HOST: One of the criticisms of the China policy is that they're allowed to increase their emissions up to 2030, that's when they're going to start reducing them. Surely that's not the best scenario?
PLIBERSEK: Well, China has said that they hope to reach their peak carbon pollution before 2030. They've committed to substantially increasing energy sourcing from renewables. But remember, China has managed in recent years to raise 600 million of its people out of poverty but hundreds of millions still live in desperate poverty. Australia is an advanced economy that can make the most of the innovation that we have here, the scientists, the engineers, the renewable energy companies that want to invest in Australia to provide us with alternative energy sources and what we've seen actually under this Government is a reduction in investment in large-scale renewables because of the abandonment of the ETS. It is in Australia's interests to make the most of the innovation that we have here and renewable energies. It's good for our environment but it's actually also great for our economy.
HOST: And just still on China, what's the kind of security threat do you see the island building in the south China Sea, what does that constitute?
PLIBERSEK: Well I think there's a substantial concern from many nations in the region. They don't understand why - obvious China has claimed this area for many years, many decades indeed, even hundreds of years in some cases - why this land reclamation has proceeded so quickly now, why there are reports that some of the islands are seeing runways built and other signs of militarisation. Of course Australia takes no position on the legal claims but we say that it is absolutely vital that any disputed territory in the South China Sea, or more broadly East China Sea, any differences about the ownership of these islands is resolved using international law, using all of the same norms and conventions that would otherwise apply.
HOST: Now, you would have seen the UN special rapporteur on migrants have cancelled his trip to Australia on the basis that the staff at the detention centres are not fwree to talk about this threat of revealing a crime by revealing that information. Would you hope that Malcolm Turnbull, as PM, would now force a change to that policy?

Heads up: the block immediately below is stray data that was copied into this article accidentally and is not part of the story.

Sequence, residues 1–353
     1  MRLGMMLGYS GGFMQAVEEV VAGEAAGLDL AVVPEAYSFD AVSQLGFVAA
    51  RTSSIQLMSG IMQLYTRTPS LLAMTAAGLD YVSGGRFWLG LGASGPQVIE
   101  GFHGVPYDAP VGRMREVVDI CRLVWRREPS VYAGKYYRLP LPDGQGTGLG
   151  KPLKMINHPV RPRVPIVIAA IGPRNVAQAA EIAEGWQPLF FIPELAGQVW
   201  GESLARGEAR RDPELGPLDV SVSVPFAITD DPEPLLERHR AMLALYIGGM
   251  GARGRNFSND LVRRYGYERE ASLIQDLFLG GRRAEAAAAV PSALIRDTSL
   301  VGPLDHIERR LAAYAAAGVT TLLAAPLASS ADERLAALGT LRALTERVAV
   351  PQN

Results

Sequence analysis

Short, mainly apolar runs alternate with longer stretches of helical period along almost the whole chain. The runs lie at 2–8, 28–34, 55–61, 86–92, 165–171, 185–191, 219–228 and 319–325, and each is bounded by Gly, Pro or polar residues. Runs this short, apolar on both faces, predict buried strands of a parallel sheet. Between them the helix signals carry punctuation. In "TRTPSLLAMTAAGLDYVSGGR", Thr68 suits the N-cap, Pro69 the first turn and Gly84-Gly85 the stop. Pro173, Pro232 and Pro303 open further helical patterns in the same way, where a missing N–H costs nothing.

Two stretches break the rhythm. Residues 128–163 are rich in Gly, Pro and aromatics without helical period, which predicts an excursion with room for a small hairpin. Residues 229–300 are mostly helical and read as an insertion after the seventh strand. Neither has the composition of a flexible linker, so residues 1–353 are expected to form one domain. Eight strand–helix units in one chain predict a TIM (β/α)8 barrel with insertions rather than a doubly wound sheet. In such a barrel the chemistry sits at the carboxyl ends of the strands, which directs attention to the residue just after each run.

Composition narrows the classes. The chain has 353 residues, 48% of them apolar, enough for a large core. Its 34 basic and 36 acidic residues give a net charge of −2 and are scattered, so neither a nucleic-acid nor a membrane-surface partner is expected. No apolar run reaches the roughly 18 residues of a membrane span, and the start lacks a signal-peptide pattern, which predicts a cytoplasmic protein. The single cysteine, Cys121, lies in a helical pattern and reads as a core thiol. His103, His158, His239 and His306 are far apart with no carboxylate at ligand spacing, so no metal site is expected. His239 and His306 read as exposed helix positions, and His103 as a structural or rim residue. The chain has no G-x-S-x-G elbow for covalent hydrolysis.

PLIBERSEK: Well, it's another Peter Dutton special, isn't it? Of course Australia should give the special rapporteur an assurance that no-one speaking to the special rapporteur would have subject to prosecution. Now we need to be careful with the personal details of refugees or asylum seekers in detention but the idea that people couldn't confidentially inform the special rapporteur of what's going on is ridiculous and I think particularly given that the Australian Government has said that - well Julie Bishop has said that the Australian Government wants to pursue a seat on the Human Rights Council in 2018, it's pretty contradictory. It's contradictory, incidentally in the same way that Australia was today talking about how great the sustainable development goals were and yet we've cut $11.3 billion from our aid budget. We've got these contradictions when it comes to climate change, when it comes to refugees, when it comes to our aid budget where our Government is happy to publicly claim to be a good international citizen but in fact is moving in exactly the wrong direction and exactly the opposite direction to the rest of the international community.
HOST: And just on Malcolm Turnbull still, he's shifted the polls back in favour of the Coalition, what chance of Labor ousting Bill Shorten?